40.  41
    Michael Weisberg, Paul Needham & Robin Hendry, Philosophy of Chemistry. Stanford Encyclopedia of Philosophy.
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  41. John Hendry (2001). Economic Contracts Versus Social Relationships as a Foundation for Normative Stakeholder Theory. Business Ethics: A European Review 10 (3):223-232.
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  42. John Hendry (1986). The Creation of Quantum Mechanics and the Bohr-Pauli Dialogue. British Journal for the Philosophy of Science 37 (4):497-506.
     
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  43.  32
    Robin Findlay Hendry (2012). Chemical Substances and the Limits of Pluralism. Foundations of Chemistry 14 (1):55-68.
    In this paper I investigate the relationship between vernacular kind terms and specialist scientific vocabularies. Elsewhere I have developed a defence of realism about the chemical elements as natural kinds. This defence depends on identifying the epistemic interests and theoretical conception of the elements that have suffused chemistry since the mid-eighteenth century. Because of this dependence, it is a discipline-specific defence, and would seem to entail important concessions to pluralism about natural kinds. I argue that making this kind of concession (...)
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  44.  10
    Herbert E. Hendry (1978). "Relative Identity," by Nicholas Griffin. Modern Schoolman 55 (4):406-407.
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  45.  6
    Herbert E. Hendry (1982). Complete Extensions of the Calculus of Individuals. Noûs 16 (3):453-460.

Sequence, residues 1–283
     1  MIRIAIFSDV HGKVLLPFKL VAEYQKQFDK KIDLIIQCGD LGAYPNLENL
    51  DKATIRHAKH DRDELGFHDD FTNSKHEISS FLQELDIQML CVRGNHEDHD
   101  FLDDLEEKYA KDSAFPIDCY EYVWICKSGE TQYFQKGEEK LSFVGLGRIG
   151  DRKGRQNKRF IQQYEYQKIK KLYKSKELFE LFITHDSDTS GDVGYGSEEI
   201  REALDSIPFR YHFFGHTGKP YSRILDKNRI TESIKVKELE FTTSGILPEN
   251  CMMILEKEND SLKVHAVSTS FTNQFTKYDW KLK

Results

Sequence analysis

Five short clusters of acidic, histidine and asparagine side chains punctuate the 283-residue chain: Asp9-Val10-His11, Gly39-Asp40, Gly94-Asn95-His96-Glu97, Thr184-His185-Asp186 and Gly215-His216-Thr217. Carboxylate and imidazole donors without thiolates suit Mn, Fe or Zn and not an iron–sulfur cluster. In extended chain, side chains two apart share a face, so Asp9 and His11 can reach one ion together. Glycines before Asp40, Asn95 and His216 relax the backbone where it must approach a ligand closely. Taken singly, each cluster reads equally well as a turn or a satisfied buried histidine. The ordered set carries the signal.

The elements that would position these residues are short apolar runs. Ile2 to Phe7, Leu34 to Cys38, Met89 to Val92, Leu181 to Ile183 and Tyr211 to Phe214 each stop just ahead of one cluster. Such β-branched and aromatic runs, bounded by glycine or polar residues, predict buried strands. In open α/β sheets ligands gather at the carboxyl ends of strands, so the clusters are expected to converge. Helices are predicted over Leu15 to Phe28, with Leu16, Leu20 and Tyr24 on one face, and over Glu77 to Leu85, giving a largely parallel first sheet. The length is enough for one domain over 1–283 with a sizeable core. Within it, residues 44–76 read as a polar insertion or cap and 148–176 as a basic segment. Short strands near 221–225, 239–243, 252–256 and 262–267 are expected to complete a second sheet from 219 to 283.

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  46.  1
    John Hendry (1980). Weimar Culture and Quantum Causality. History of Science 18 (3):155-180.
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  47.  6
    John Hendry (1984). The Evolution of William Rowan Hamilton's View of Algebra as the Science of Pure Time. Studies in History and Philosophy of Science Part A 15 (1):63-81.
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  48. R. F. Hendry (1998). Quantum Mechanics, Experiment and Disunity. Comment on Peter Mittelstaedt. Philosophia Naturalis 35 (1):153-159.
     
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  49.  2
    Robin Findlay Hendry (2006). Substantial Confusion. Studies in History and Philosophy of Science Part A 37 (2):322-336.
    In this paper I defend, against Eric Scerri’s objections, the following theses: that Lavoisier and Mendeleev shared a ‘core conception’ of chemical element, and that this core conception underwrites referential continuity in the names of particular elements.Keywords: Antoine Lavoisier; Dmitri Mendeleev; Chemical elements; Substance; Natural kinds; Reference.
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  50.  13
    Herbert E. Hendry (1980). Logic and Argument. By C. A. Kirwan. Modern Schoolman 57 (2):182-184.